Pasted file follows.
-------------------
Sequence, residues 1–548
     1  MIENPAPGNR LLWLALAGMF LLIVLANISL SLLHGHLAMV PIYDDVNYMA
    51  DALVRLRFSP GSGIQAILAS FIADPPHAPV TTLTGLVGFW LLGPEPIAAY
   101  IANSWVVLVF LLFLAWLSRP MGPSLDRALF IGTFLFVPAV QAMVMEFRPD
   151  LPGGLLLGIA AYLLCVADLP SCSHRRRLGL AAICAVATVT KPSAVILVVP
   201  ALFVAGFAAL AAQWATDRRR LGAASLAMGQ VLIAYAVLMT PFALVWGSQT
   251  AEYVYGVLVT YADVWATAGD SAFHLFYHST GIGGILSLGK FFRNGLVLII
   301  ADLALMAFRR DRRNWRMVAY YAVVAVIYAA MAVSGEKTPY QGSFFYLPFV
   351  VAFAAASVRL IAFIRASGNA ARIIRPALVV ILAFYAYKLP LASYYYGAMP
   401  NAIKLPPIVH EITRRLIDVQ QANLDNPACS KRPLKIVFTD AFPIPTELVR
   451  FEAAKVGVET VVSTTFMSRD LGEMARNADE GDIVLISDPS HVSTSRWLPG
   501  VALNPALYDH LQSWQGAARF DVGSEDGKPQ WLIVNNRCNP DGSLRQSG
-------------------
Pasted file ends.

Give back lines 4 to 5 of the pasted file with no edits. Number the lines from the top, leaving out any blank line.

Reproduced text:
   101  IANSWVVLVF LLFLAWLSRP MGPSLDRALF IGTFLFVPAV QAMVMEFRPD
   151  LPGGLLLGIA AYLLCVADLP SCSHRRRLGL AAICAVATVT KPSAVILVVP